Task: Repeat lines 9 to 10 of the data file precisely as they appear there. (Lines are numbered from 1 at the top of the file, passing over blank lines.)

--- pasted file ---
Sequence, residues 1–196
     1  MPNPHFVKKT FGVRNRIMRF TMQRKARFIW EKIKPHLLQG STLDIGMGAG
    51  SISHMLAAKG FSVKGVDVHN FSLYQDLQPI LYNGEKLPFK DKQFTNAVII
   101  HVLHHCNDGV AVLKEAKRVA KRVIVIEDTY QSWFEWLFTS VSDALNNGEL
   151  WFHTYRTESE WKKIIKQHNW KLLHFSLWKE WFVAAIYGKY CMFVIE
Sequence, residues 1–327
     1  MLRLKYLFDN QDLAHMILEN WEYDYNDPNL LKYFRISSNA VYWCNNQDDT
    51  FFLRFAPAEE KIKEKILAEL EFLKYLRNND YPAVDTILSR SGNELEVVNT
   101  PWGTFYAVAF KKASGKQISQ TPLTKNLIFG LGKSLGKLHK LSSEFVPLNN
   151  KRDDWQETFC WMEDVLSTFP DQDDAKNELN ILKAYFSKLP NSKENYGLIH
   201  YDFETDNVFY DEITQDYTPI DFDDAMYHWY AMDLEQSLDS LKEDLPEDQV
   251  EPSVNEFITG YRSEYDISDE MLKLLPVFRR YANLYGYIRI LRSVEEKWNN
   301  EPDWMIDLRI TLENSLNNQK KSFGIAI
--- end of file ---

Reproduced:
   101  PWGTFYAVAF KKASGKQISQ TPLTKNLIFG LGKSLGKLHK LSSEFVPLNN
   151  KRDDWQETFC WMEDVLSTFP DQDDAKNELN ILKAYFSKLP NSKENYGLIH